IN THE GUNDLUPET INSCRIPTION mentioned in the previous episode, this is how the Vira Pancaḻas describe themselves:
“…all the Vira Pancaḻas, the originals of the Manu race, of incomparable character . . . delighting in Parabrahma, creators of the fourteen worlds, of unshaken joy, of daily pure and enlightened salvation, self-known and self-manifest; by their authority as the original men, making (?) in Tungala (or Tungalale) of Bendukaliyur, hundreds and thousands of inquiries of all manner of seeds and plants; well-versed in weighing and comparing, in Vedas, science, logic, grammar, poetry, in pronouncing distinctly the palatals and labials, in training horses and elephants, and in holding the breath charged with perfume; masters in reading, writing, arithmetic, and the deception (?) of skilful people… perfumers of Sarasvati with rare jasmine, ornaments in the ears of Sarasvati; distinguished for cities, island forts, hill forts, forest forts… Five Principles [pancha-tattva]… domes, pinnacles; they create the sixteen signs of the original house, the sign of the sacrificial hall, the sign of the pit for the consecrated fire, the sign of slopes, etc., according to standard rules, for these and all other signs; they are authorities for the creation of . . . mansions… adorners of Sriparvata deeply learned in all the science of language and the puranas to the utmost limits; fond of and merciful to war elephants.... accomplished as Rama; boon-lords of Pindotipura, devotees of the lotus feet of Sri Kāḻikā-Devi and Kamaṭeśvara — such were the Vira Pancaḻas of Terakanambi.”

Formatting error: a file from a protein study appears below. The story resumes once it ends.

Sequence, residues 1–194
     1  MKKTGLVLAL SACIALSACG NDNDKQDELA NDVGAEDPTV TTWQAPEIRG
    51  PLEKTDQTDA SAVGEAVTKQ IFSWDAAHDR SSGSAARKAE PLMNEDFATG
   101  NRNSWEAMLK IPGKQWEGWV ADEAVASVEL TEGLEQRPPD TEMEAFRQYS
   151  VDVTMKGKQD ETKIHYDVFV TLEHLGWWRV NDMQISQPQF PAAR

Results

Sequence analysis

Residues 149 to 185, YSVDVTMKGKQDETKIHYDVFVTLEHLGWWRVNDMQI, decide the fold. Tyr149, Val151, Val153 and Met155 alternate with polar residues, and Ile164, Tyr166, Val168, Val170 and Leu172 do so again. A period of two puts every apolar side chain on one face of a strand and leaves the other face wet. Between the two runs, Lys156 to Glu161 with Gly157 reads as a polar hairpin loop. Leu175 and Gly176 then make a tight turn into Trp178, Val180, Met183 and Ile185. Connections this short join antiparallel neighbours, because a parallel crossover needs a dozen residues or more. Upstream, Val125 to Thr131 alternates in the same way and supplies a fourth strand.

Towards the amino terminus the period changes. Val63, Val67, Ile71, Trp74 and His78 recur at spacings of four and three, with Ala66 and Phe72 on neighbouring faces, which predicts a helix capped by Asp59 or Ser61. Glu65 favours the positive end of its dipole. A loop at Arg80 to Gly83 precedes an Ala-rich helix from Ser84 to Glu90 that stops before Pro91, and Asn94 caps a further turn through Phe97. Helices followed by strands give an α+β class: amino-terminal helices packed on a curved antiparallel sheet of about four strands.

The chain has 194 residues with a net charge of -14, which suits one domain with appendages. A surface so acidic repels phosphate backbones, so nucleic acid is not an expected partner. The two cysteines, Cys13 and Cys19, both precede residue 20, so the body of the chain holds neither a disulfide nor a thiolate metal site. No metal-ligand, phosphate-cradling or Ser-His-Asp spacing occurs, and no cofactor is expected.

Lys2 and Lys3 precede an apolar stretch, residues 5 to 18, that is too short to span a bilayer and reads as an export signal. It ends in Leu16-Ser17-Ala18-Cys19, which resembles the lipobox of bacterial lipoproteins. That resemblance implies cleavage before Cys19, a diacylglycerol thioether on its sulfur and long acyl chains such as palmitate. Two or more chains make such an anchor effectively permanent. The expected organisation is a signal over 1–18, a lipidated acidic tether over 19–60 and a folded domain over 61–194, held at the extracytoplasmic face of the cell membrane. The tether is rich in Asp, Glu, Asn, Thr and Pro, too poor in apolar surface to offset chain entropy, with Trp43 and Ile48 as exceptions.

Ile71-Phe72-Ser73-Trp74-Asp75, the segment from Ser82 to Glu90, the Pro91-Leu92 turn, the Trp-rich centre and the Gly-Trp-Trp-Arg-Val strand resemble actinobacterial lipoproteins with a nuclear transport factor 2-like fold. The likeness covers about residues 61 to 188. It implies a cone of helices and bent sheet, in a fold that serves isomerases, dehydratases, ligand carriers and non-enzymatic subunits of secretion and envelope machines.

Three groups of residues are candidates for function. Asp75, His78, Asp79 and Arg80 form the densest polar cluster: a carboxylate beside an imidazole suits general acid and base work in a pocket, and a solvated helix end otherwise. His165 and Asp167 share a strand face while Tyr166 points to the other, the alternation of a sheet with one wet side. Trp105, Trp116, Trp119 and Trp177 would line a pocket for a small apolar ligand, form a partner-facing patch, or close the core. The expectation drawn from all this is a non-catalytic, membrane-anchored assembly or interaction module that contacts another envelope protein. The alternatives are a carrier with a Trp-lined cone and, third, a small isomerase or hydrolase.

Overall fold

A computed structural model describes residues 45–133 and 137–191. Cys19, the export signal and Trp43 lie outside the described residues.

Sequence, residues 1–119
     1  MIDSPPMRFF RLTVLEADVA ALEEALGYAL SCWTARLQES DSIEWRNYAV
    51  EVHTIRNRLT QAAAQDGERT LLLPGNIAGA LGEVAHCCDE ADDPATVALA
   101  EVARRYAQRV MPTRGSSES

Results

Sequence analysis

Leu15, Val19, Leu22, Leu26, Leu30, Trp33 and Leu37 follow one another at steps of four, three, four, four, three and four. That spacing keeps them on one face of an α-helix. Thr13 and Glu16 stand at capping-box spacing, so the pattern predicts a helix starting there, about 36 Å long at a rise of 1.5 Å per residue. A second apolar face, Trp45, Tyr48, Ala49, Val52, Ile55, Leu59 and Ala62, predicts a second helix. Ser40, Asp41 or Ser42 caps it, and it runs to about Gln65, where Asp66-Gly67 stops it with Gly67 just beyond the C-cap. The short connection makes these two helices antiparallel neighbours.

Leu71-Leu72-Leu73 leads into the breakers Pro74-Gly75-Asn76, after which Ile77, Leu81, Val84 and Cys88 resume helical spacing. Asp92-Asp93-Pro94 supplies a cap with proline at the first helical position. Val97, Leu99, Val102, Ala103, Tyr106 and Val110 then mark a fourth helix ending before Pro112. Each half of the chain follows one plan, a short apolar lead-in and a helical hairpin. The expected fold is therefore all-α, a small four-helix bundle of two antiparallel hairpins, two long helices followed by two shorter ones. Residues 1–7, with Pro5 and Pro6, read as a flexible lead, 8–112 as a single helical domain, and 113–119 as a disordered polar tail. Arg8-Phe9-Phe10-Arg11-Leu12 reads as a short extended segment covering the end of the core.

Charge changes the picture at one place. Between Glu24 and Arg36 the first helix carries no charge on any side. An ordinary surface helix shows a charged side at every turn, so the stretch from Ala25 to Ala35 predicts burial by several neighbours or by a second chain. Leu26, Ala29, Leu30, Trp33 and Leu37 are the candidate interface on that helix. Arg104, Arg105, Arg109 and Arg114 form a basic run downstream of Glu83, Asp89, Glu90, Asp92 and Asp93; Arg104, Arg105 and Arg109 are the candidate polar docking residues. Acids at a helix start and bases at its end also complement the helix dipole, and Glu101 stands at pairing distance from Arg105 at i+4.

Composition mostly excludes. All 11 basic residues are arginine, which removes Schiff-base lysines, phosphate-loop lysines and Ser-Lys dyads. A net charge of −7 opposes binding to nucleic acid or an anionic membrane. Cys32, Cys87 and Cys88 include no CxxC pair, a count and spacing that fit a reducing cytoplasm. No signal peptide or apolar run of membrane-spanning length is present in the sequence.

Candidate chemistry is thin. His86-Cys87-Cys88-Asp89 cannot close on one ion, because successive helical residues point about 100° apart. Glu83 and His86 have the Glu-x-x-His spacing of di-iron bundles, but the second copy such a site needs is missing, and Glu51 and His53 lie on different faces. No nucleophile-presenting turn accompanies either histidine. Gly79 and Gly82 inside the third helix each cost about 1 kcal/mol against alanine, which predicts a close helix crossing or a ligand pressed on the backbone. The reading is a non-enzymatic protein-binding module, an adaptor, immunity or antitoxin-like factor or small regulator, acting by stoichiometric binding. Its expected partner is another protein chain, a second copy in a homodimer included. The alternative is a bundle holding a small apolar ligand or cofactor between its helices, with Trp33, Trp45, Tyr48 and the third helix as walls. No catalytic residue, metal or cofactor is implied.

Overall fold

The first thing that clearly strikes us is the pride that the Vira Pancaḻas took in their educational and professional accomplishments. The list of subjects that they claim mastery over, embraces all knowledge systems prevalent in Bharata since time immemorial: the traditional caturdaśa-vidyās (14 branches of knowledge) and the catuṣaṣṭhi-kalās (64 Arts).
It wouldn’t be farfetched to claim that this one inscription is enough to puncture the concocted colonial and Marxist narratives regarding an alleged caste system forged in cast iron. The aforementioned components of the Vira Pancaḻas include those communities which are today recognised by our Constitution as “backward classes” — carpenters, goldsmiths, blacksmiths, stone-cutters, braziers, washermen, barbers, etc. Yet, here is an inscription which tells almost the opposite story. We must remember that the Vira Pancaḻas were the authors of this inscription. And here, when they describe their educational qualifications, it reads like the resume of a typical Brahmana Pandit or Vidvan: “well-versed in” the Vedas, Tarka, Vyākaraṇa, āgama, śikṣā, Kāvya… This educational accomplishment is also the basis on which they justify their preeminence in society. Clearly, nobody had denied them education in any subject: Vaidika (Vedic) and Laukika (worldly or professional).
Interestingly, the Vira Pancaḻas claim that they — and not the Brahmanas or other so-called “higher castes” — are the “originals of the race of Manu.” They also supply the reasoning for it: they are of “incomparable character,” which is the outcome of their immersion in the “Parabrahman,” which is “self-known and self-manifest.” The emphasis on character is thoroughly consistent with the Sanatana ethos of Bharatavarsha. To spell out the obvious, the Vira Pancaḻas — like other communities — had attuned themselves to and took pride in the shared values that built the Hindu civilisation and society.